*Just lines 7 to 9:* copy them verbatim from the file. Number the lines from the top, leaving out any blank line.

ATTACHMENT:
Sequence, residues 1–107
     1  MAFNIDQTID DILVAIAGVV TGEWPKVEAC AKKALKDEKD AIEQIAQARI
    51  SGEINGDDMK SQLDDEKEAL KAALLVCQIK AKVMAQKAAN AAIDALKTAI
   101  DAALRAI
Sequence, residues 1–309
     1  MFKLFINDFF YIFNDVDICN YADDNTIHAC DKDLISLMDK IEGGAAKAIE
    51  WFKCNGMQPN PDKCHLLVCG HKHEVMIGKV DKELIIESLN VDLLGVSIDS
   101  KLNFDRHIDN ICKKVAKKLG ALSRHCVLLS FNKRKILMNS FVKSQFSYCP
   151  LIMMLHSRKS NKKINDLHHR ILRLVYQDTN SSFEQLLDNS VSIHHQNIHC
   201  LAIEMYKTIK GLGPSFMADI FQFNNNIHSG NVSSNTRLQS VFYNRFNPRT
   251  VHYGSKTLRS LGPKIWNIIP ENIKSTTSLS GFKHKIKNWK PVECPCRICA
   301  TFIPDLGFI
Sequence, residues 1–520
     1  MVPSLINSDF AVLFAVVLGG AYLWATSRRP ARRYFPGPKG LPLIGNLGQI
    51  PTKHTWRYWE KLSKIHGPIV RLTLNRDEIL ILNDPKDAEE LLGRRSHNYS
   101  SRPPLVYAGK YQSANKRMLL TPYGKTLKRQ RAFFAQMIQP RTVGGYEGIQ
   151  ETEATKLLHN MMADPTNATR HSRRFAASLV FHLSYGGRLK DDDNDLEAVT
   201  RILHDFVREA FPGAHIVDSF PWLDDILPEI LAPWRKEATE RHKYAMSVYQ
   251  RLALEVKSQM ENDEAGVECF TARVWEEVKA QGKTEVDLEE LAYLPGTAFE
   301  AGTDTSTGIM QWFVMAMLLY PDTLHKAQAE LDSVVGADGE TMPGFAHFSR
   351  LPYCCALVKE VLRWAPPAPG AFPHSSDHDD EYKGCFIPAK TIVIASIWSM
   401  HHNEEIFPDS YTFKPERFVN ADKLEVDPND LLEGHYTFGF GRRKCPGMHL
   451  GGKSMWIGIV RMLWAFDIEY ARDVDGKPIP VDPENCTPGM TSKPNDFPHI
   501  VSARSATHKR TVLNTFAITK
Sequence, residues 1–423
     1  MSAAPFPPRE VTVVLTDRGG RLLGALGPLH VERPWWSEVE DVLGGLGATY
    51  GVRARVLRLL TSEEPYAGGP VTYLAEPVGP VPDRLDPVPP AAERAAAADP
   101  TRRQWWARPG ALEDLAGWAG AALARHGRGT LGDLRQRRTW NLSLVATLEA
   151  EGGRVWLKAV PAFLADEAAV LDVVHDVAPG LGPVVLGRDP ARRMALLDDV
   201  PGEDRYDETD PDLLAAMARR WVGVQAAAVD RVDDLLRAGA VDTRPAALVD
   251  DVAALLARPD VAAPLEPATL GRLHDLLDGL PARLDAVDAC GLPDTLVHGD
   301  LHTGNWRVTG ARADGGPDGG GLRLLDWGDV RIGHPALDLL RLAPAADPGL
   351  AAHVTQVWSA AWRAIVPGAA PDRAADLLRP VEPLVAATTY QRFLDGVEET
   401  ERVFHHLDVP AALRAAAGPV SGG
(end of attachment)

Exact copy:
    51  WFKCNGMQPN PDKCHLLVCG HKHEVMIGKV DKELIIESLN VDLLGVSIDS
   101  KLNFDRHIDN ICKKVAKKLG ALSRHCVLLS FNKRKILMNS FVKSQFSYCP
   151  LIMMLHSRKS NKKINDLHHR ILRLVYQDTN SSFEQLLDNS VSIHHQNIHC